Posted Jun 23, 2009 11:59 am CDT
A new federal program meant to help all students manage their loan debt is set to go into effect July 1.
Why should lawyers care?
Because the College Cost Reduction & Access Act has a few provisions that can have long-term benefits for lawyers, especially those who are public-interest-law minded.
There are short-term benefits too. The National Law Journal, in a lengthy article detailing the act’s provisions, notes that the program could make it easier for all attorneys who have high debt loads but relatively low incomes.
On the public interest side, loan forgiveness works like this: After making loan payments for 10 years on government-backed loans, the government will forgive the loan balance for qualifying borrowers.
Then there’s income-based repayment, in which monthly loan payments are capped at an amount relative to the borrower’s income. After 25 years, the federal government will forgive any remaining loan debt, the NLJ notes.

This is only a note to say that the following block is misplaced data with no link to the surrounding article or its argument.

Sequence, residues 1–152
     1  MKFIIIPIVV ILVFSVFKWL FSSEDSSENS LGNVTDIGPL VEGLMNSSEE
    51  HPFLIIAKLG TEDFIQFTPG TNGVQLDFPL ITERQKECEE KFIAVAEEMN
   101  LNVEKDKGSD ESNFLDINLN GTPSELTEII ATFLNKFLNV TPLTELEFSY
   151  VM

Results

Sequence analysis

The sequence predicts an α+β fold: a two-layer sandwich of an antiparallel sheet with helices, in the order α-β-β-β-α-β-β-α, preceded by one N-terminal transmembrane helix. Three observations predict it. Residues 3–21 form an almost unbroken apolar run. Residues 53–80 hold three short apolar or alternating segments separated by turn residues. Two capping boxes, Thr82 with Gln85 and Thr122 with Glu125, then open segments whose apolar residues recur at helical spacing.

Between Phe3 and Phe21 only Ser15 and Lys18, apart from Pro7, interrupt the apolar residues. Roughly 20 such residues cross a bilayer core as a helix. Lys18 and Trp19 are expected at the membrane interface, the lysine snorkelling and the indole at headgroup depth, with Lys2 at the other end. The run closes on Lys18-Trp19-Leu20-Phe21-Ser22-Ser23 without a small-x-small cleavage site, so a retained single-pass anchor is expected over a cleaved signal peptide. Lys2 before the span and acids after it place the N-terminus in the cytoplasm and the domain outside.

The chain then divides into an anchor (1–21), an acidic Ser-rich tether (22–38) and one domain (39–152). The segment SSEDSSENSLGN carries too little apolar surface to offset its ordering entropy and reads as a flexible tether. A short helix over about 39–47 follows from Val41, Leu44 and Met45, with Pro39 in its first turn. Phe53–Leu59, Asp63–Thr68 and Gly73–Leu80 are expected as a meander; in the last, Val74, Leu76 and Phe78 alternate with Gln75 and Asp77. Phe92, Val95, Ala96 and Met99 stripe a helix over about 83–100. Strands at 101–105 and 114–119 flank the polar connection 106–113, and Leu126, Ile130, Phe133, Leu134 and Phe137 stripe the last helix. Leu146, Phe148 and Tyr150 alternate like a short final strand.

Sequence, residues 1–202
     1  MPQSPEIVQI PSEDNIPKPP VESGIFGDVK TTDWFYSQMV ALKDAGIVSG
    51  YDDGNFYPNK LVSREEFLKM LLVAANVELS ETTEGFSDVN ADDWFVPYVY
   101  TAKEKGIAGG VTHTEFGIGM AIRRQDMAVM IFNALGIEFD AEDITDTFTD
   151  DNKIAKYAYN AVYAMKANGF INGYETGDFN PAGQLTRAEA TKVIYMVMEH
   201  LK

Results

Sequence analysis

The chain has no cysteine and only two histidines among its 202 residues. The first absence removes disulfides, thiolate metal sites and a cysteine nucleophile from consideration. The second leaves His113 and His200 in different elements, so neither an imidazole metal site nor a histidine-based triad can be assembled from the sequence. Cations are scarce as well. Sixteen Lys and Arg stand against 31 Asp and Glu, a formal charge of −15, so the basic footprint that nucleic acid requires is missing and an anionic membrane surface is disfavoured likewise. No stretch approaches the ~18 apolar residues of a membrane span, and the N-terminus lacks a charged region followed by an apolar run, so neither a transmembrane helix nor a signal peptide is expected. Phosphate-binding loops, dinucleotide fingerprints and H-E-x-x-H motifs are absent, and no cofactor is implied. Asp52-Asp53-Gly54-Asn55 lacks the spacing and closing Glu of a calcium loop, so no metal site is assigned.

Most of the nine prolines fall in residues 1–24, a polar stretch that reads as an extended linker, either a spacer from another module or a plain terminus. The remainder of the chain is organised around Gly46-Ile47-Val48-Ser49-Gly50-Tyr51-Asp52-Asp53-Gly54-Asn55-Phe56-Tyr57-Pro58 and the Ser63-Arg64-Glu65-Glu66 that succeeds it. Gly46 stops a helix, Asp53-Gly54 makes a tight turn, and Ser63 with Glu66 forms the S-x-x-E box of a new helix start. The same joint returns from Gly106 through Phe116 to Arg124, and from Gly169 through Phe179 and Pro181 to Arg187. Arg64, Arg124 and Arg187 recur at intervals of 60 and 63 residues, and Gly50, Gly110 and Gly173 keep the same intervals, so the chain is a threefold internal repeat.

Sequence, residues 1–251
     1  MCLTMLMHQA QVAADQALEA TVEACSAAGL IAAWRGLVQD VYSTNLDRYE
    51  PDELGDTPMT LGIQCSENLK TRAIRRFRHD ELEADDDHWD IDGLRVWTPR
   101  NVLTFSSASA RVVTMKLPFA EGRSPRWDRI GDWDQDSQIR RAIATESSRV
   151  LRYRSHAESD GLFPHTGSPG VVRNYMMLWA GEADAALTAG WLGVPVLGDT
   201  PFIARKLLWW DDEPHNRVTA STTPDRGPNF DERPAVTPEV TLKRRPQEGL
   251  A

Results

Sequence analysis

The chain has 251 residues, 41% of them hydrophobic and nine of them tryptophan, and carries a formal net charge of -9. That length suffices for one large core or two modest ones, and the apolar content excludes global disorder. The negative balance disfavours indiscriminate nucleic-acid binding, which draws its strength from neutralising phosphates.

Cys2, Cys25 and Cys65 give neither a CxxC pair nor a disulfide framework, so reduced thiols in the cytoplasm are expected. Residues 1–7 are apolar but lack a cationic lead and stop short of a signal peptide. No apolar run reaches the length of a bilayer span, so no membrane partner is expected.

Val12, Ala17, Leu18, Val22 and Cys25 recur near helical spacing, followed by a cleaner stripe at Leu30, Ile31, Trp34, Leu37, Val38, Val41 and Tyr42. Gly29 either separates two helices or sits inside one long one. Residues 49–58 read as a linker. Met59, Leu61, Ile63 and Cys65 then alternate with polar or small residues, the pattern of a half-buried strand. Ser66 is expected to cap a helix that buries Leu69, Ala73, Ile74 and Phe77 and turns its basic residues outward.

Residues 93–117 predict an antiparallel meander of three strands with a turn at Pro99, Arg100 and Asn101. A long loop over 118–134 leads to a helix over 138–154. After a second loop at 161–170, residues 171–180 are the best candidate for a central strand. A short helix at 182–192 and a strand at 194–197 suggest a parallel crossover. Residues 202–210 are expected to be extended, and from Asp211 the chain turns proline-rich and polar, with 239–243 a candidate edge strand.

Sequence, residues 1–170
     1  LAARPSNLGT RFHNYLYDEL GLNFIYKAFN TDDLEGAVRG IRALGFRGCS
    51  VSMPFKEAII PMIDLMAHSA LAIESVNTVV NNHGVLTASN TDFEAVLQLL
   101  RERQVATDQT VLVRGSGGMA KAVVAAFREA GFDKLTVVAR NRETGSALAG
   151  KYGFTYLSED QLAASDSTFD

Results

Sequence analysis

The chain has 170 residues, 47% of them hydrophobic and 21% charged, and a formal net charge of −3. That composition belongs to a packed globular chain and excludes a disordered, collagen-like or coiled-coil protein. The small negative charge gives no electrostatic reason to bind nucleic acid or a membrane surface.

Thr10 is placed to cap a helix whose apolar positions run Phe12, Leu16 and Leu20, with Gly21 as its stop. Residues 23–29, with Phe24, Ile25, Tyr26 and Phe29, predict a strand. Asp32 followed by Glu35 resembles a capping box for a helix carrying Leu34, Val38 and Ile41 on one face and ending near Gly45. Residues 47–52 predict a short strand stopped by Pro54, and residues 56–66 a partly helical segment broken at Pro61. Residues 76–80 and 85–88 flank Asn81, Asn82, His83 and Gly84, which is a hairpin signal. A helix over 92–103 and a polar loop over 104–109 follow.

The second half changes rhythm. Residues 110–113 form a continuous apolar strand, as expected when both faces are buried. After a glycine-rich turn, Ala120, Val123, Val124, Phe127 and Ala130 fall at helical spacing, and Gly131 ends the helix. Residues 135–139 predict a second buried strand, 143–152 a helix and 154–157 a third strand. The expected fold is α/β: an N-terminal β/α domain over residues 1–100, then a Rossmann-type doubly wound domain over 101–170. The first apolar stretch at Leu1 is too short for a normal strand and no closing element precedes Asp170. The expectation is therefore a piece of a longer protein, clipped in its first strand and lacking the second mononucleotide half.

The income-based option wouldn’t likely work for those landing $100,000-plus jobs out of law school. But those who are in the $60,000 pay range, but have more than $100,000 in debt, may be a good fit for the option.
At this point, the downsides are that the program is new and underadvertised. Plus, forms aren’t yet available at the Department of Education.
“The program is complicated enough that it is difficult for students to understand on their own,” Heather Jarvis, a senior program manager at Equal Justice Works, told the NLJ. “As of right now, hardly anyone has a clue about this legislation, and in my mind it’s the biggest thing to hit public service in a decade.”